Busboys and Poets hosts an open mic for poets every Thursday. $5. 8 to 10 p.m. 5331 Baltimore Ave. 301.779.2787. Busboysandpoets.com

Weekly acoustic blues jams, in the Piedmont blues tradition. Proof of vaccination required; masks, too, unless singing or playing a harmonica or horn. Free. Saturdays 1 to 5 p.m. Archie Edwards Blues Foundation, 4502 Hamilton St. acousticblues.com

Sharpen your drawing skills in a relaxed, informal setting at Hyattsville figure drawing group's drop-in drawing sessions at Pyramid Atlantic Art Center. Sessions consist of several short warm-up poses and a single sustained pose for the duration of the session. Bring your own art supplies; drawing boards and chairs provided. $20/session or $75/5-session punch card or $15/session for Pyramid Atlantic members. Tuesdays, 6 to 9 p.m. 4218 Gallatin St. hyattsvillefiguredrawing@ gmail.com


Two art exhibitions at Brentwood Arts Exchange: “Here Not Here,” an exhibition which seeks to envision the enduring imprint of the past and the present, floating between the ethereal and the familiar, creating an immersive experience. “Live.Life.Alive” features nine artists whose work examines the impact of gun violence in the U.S. and invites its visitors to reflect on the present moment in history, and to act on ending gun violence. Dec. 5, 2022, to Jan. 21, 2023. 3901 Rhode Island Ave., Brentwood, 301.277.2863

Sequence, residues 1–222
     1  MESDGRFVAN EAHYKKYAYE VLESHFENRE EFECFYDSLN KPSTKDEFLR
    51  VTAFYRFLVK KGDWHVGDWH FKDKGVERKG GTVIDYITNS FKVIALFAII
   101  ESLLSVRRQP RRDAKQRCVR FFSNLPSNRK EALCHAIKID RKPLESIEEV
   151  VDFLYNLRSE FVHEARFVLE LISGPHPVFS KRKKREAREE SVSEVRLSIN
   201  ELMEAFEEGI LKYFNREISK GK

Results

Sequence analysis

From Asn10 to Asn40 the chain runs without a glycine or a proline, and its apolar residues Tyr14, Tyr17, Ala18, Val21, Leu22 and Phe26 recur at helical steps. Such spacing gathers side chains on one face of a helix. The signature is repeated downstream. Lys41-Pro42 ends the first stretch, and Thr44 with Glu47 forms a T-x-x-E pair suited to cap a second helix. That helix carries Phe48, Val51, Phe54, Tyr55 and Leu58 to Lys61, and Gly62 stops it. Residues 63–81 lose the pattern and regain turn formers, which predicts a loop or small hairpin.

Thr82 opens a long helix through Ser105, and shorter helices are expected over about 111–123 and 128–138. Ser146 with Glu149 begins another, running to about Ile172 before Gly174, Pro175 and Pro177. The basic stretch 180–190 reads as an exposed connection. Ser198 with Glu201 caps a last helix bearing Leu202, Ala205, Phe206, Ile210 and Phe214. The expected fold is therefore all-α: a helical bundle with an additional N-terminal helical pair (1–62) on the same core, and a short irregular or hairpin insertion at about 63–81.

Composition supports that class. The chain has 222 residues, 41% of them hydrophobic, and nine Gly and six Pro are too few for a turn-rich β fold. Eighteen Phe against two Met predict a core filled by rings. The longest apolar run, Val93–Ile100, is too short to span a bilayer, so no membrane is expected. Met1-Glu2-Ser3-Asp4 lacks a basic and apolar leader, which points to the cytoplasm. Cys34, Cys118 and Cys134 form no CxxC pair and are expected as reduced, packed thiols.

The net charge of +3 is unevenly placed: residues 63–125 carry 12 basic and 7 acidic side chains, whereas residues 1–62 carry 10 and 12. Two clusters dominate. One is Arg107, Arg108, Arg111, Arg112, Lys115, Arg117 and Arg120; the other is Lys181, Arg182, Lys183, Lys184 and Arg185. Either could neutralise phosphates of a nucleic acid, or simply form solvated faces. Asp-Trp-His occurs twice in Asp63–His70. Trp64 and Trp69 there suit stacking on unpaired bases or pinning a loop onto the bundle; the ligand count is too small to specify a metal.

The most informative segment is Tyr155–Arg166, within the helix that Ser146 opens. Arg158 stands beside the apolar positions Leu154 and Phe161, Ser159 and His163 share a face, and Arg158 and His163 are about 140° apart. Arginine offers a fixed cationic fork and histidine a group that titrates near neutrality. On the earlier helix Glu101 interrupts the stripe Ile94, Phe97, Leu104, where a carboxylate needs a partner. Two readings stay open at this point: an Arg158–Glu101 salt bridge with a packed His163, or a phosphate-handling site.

“Pastports,” featuring works by Rosa Leff, at Pyramid Atlantic Arts Center. In her meticulously hand-cut streetscapes, this art exhibition

explores changing cities and the concept of time. Leff will exhibit work she made prepandemic based on images from her travels across the globe alongside new work based on the same photos. Free. Dec. 17, 2022, to Jan. 29, 2023. 4218 Gallatin St. 301.608.9101

“ADRIFT: A Medieval Wayward Folly,” presented by Happenstance Theater. This work, inspired by medieval imagery and archetypes collected from the works of Hieronymus Bosch, Pieter Bruegel, the Tarot and reinterpretations of religious and alchemical art, draws parallels between our current moment and the Dark Ages. $25 general admission/$15 seniors and children. Jan. 26, 27, 28, 30 and Feb. 3 and 4 at 7:30 p.m., and Jan. 28 and 29 and Feb. 4 and 5 at 3 p.m. 3309 Bunker Hill Rd., Mt. Rainier. Joesmovement.org


Miambo No. 5 launch party at Maryland Meadworks. Learn about the newest mead, meet the brewers, toast the New Year and dance to some awesome live music! Free. 7 to 10 p.m. 4700 Rhode Island Ave., Suite Bee. 201.955.9644

Celebrate the legacy of Martin Luther King Jr. by